For the past four years we have been growing 1000 Tomato Plants to supply our Farmer’s Market.  

2006 Prepping For Transplant

 This was the first time we grew tomatoes other than a few plants for personal consumption.  We did not spray for any insects or disease and didn’t do any form of trellising or staking.  The crop was a great success.  This success  gave me the confidence that as long as we grew tomatoes on virgin ground we could grow them with low input costs and labour.  It also got me thinking that growing organic tomatoes could be a niche to explore.    

 2008 Crop 

Year two we moved to a stake system to reduce the amount of wireworm damage done to ripen fruit as well as speeding up harvest.  I also though that getting the plants spaced out and off of the ground would allow for more air movement to keep the humidity out of the canopy and reduce the risk of fungal infection.  As you can see in the picture below i was growing a healthy plant.    

Staked Tomatoes

2008 Tomato Crop

We got lots of rain in 2008 and the plants grew taller than the stakes and had a very good healthy fruit set. I saw the first few tomates turning that bronze colour starting to ripen. I started rubbing my hands together thinking we were going to get a big crop.  Two weeks later the crop was decimated from Late Blight.  With my background being cash crop I had never had to deal with this disease.  I referenced our local resources for more info and decided to follow the treatment recommendation for the next year. (see     

 2009 Crop Year 

 I followed the same process that got us healthy tomato plants in 2008 except this year I was going to apply some fungicides in relay to protect the crop.  The problem was that my lack of experience with battling diseases let me to be a little lackadaisical with the interval.  The recommended interval was every 5-7 days.  I worked in a spray every 10-14 days depending on my schedule.  I was successful in waisting money in 2009 because deja vu kicked in after we were only able to harvest a bushel from the field.  Withing 10 days the crop was annihilated.  After consulting with some agromomist that deal solely in horticulture crops they kind of laughed and said that my interval was way to wide and I should have stuck to the program and we would have had some success.  It should be noted that i did observe that the roma tomato’s i grew directly beside my stake tomato’s lasted about 5 days longer.  This observation made me think that variety selection might be something to look at to battle the disease.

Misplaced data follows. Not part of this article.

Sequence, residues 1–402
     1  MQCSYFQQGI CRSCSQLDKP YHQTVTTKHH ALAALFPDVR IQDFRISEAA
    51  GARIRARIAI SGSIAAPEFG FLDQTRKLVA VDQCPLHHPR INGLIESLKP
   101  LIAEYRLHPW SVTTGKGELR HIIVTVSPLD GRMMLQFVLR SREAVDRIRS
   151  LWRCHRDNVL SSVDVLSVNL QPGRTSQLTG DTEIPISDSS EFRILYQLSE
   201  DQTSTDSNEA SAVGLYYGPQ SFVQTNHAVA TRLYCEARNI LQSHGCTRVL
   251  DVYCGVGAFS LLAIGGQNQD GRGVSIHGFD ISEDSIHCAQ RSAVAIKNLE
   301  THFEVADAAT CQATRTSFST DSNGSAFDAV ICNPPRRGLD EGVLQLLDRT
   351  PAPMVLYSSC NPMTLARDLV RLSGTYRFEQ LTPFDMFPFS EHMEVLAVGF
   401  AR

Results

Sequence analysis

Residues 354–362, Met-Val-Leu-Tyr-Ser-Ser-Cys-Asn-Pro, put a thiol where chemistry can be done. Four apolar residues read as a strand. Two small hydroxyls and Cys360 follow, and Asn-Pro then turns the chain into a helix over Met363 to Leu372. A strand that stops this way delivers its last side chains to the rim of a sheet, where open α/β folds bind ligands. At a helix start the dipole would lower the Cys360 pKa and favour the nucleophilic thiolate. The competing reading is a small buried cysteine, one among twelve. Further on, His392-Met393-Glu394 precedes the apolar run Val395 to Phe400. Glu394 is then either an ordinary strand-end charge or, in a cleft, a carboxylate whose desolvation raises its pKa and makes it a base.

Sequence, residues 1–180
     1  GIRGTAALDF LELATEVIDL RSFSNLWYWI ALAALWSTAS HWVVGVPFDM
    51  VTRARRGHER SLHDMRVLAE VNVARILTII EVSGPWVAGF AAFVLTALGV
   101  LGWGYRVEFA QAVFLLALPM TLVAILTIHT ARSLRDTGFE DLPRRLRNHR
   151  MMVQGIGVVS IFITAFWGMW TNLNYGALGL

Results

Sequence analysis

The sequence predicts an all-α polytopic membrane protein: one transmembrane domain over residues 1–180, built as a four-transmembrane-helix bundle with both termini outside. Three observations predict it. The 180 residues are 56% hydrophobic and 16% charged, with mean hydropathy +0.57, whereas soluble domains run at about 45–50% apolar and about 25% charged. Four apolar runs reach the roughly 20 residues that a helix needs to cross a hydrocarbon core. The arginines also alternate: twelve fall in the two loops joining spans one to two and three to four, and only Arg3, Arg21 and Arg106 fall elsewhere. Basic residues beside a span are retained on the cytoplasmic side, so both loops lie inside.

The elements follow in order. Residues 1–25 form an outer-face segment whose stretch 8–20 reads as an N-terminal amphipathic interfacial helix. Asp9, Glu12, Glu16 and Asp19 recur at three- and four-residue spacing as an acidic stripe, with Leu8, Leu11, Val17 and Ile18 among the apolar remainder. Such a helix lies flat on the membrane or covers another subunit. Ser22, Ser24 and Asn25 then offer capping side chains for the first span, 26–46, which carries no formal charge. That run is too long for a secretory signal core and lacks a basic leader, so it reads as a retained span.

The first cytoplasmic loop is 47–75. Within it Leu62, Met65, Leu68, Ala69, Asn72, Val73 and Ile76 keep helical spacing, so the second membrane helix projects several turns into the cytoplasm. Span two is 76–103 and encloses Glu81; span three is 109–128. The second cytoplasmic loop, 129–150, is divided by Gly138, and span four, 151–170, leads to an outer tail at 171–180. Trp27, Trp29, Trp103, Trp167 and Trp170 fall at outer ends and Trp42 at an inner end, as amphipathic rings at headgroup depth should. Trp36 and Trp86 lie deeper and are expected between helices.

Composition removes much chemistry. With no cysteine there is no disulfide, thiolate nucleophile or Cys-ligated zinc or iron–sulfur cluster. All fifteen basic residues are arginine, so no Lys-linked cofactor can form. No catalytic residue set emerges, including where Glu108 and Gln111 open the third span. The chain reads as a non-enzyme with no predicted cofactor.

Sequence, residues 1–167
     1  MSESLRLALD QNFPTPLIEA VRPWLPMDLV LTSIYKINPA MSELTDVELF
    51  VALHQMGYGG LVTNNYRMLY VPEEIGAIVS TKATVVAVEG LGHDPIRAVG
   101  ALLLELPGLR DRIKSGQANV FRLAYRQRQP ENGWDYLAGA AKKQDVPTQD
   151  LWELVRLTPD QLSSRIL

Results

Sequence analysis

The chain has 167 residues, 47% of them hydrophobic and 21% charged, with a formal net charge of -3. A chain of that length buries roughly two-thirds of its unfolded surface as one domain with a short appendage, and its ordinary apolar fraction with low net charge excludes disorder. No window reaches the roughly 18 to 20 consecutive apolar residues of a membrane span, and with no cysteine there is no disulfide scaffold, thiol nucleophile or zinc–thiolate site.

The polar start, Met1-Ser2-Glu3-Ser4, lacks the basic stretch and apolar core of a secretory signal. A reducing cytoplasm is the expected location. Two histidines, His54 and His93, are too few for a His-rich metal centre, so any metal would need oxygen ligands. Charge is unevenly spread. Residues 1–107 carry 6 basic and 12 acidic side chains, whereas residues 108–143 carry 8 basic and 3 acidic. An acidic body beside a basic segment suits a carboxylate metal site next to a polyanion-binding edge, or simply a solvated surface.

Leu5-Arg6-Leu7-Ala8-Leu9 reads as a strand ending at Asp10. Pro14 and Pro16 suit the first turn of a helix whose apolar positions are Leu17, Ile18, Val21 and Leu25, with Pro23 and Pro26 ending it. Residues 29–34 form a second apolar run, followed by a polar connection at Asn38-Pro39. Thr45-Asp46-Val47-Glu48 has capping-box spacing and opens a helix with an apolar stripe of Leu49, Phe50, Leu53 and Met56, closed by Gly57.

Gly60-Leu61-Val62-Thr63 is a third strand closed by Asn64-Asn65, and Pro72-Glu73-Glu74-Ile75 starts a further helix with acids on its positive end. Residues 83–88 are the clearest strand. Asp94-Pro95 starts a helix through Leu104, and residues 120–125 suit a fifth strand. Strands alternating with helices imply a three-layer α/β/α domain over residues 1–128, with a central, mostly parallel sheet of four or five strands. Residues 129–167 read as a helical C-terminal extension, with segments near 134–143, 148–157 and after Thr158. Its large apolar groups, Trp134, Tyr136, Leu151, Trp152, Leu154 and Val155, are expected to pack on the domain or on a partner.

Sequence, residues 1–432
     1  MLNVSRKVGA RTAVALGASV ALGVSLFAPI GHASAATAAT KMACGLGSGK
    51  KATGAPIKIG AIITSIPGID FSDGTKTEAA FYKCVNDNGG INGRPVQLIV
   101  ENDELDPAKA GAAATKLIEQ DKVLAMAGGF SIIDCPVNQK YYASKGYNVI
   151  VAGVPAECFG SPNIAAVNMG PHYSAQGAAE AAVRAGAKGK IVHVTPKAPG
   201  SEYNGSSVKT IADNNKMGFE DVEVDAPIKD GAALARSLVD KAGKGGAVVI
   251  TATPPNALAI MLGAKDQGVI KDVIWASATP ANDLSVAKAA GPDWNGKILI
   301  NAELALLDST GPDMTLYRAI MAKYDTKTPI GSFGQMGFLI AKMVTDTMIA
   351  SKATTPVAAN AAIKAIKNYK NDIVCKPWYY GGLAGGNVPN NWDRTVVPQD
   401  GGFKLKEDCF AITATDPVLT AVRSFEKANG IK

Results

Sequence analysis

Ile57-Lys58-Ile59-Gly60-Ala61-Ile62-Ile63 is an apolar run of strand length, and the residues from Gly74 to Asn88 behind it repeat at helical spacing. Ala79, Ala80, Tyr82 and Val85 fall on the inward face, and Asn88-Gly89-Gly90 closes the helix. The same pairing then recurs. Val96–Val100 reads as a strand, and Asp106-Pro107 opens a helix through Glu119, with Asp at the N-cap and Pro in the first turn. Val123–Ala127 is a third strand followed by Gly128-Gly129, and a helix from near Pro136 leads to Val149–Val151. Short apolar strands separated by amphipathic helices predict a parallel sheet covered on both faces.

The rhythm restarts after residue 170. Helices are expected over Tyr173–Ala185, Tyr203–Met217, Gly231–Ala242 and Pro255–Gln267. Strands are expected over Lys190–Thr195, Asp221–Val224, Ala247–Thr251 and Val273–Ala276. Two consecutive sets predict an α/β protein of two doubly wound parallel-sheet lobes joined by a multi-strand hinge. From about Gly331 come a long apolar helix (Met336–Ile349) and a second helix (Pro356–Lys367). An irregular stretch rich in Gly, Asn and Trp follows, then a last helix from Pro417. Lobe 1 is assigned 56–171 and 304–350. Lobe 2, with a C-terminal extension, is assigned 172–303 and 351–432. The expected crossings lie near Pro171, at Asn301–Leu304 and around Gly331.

2010 Crop  

 I didn’t have much luck finding a variety that fit our climate and had claim to having late blight tolerance but i did change to an earlier variety to gain a longer season.  I also changed my process to reduce labour cost on my staking and went to a page wire fence as a trellis.  Other than that i kept the same process except for of course the decision to follow a strict fungicide schedule.  I made it my mission of the summer to be in that tomatoe crop once a week to protect the crop.  I checked in with daily to see if their was any chatter of late blight in my area.  I had heard that there had been infestations in my area and I seemed to maintain a healthy crop and was able to pick a full harvest much like in 2007.  Once the threat of frost was on the radar I decided we could lay off the spray program because we were in the clear and it would be a waist to protect a crop that frost was going to kill any day.  As luck would have it we missed a killing frost on the first cold snap of the fall and the season extended until the end of October before a killing frost.  We kept picking and selling tomato’s but did not resume the spray program.  It wasn’t long before i started observing some familiar symptoms on the plants.  Here is a picture of three weeks after i stopped spraying.     

2010 Crop Late Blight

 Late Blight!!!!     

 My Experience over the last four years makes me think I was out to lunch when i thought that we could grow tomatoes organically.     

 Here are my stats:     

  • 25% success rate of no late blight infestation.  
  • 75% chance of infection of which a 50% chance of complete crop failure.  

2011 Crop

 I’m going to look harder into varieties and weather modeling to see if i can reduce my fungicide use and increase my so far terrible record of grown tomatoes. Stay Tuned.